APPLE STEPS INTO THE BATTLEDOME. THE APP BEWARE!
|Richard Rushfield||Sep 12, 2019|
Apple made its formal leap into the Great Entertainment Semi-Finals yesterday, with an eye-catching, unApple-y low price. Has Apple ever charged five dollars for anything? Isn’t it beneath the dignity of the pristine Apple brand to even stoop to accept five dollars? In the time it takes them to process a five-dollar payment, it could be inventing an automatically disinfecting set of Air Pods.
It is sort of bowing to reality though that if you’re entering a crowded market with just a handful of shows and no back catalog, “Don’t you know who we are!?” isn’t quite enough to propel you to premium pricing.
Having come in at five bucks, Apple has now made it pretty much pain-free to sign up. If you’re a Reese Witherspoon fan, if you liked the Dickinson trailer, if don’t know the history of Amazing Stories and so you think that sounds like a fun idea . . . then for five bucks, why not check it out?
Also note, as an Ankler friend pointed out, “You get it free with a new device, and Apple sells 300 million new devices a year.”
Will Apple’s subscribers will stick around? Well, that depends on what Zack and Jamie make and how much people like it—a statement that incidentally could be made about every subscription service. Netflix used to like to say that it only needed you to like one new thing a month to keep you around. Churn may soon be measured in an even shorter increment.
Suddenly between Apple’s 300 million, HBO’s 140 million for starters, and however many tens of millions sign up for Disney Plus . . . Netflix’s 150 million still looks nice, but nothing like inevitable total domination of the Semi-Finals.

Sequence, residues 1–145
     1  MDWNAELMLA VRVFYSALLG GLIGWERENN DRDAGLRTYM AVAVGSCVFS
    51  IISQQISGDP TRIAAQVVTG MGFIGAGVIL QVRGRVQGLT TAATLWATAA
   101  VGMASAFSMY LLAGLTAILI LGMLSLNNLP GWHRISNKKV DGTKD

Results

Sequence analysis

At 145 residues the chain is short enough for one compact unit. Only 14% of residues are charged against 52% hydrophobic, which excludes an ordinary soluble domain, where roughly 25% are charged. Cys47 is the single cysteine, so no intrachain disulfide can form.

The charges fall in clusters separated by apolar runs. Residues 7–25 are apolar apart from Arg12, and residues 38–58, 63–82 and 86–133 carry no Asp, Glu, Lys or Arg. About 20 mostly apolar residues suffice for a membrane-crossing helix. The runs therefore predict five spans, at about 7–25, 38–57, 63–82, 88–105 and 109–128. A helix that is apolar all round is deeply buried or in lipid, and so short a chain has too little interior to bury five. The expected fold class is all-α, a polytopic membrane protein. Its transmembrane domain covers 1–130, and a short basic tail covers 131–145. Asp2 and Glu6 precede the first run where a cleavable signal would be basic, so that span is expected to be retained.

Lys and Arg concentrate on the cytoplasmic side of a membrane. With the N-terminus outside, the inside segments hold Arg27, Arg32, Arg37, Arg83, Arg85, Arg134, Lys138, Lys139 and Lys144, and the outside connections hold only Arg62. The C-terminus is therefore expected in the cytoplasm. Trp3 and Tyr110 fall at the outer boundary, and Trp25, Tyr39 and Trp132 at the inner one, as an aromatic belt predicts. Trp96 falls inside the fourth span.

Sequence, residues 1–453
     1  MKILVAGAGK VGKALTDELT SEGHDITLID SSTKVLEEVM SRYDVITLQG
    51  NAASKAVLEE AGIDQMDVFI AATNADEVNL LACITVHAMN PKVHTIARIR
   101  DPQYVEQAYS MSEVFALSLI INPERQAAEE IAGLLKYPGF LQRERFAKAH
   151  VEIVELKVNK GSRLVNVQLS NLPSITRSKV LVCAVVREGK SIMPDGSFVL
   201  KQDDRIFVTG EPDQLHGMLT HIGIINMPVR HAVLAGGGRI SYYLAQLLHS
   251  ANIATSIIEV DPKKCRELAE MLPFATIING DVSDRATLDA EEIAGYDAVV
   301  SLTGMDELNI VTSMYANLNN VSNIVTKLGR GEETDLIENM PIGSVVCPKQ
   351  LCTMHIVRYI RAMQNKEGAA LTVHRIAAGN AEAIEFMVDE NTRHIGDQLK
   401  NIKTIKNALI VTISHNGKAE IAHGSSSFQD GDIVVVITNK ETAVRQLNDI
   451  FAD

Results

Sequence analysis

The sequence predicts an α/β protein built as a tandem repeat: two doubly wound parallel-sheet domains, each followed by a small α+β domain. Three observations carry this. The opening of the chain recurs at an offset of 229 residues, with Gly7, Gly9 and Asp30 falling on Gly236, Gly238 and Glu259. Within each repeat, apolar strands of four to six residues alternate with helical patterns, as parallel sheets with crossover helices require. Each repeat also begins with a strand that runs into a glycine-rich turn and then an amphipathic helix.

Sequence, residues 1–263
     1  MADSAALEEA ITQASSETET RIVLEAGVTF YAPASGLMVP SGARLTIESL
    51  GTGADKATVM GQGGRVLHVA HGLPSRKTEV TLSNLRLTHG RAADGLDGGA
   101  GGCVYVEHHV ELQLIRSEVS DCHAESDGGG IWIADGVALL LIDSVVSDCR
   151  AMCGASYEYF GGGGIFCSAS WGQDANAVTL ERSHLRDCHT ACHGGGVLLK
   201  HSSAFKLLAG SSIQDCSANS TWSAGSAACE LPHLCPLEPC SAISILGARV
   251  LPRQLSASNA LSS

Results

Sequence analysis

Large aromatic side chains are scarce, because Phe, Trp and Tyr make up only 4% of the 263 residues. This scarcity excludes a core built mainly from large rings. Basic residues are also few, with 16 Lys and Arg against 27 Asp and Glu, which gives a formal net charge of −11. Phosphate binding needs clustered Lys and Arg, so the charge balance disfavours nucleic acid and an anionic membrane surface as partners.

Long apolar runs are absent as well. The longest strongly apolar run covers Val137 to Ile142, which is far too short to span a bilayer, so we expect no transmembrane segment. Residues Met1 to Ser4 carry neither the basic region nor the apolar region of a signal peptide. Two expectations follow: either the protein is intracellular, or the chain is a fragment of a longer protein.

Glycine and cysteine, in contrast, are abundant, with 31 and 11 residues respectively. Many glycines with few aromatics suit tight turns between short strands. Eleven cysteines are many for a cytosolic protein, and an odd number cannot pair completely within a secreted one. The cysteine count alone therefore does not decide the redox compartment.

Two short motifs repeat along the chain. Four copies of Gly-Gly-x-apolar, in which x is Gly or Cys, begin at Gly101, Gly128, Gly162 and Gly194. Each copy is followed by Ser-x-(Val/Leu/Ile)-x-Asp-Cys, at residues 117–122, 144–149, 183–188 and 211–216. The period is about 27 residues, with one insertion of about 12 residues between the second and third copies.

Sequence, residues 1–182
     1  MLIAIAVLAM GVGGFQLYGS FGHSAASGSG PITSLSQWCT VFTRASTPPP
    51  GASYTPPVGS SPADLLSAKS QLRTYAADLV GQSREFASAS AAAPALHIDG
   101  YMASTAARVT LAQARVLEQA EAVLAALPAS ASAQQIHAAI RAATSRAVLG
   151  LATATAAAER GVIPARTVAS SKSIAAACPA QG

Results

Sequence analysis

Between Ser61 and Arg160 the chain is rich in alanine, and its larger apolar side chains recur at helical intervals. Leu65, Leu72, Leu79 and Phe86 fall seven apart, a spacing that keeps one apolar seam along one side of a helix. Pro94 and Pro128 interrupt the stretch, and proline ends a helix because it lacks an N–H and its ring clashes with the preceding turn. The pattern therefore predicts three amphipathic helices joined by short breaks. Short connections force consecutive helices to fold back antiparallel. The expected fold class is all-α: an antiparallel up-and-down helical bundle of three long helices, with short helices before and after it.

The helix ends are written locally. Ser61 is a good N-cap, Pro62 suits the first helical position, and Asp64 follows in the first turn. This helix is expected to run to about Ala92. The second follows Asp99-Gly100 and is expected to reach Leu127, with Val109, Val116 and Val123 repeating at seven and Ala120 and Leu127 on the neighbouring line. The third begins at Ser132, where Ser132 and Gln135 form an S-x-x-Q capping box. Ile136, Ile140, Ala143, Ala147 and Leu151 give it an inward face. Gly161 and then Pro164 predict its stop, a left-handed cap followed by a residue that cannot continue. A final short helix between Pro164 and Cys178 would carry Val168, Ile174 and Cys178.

Which to be clear, is the entire premise of its business model. The Netflix Drunken Sailor Era (NDSE) fiscal policy makes no sense if you’re one of a bunch of services competing for talent, subscribers, and in some distant far-off era, profitability. There has never been a business model that I’m aware of where in a crowded sector, one company can compete indefinitely with a strategy of pretending money grows on trees.
The NDSE was about knocking the competition out of the Semi-Finals before they could get in: establishing a position so dominant that no one else dared enter the race.
That didn’t work out. Every day makes it more apparent how flawed that strategy was, even as every media outlet on earth hailed it (and continues to hail it) as a paradigm-busting miracle.
So how long until some Dan Loeb-type activist investor sends Reed a letter telling him that the company is undervalued because of its mismanagement and offer some helpful tips along with its now large holding in NFLX to make sure he’s paying attention. In other words, Hey, genius. What now?
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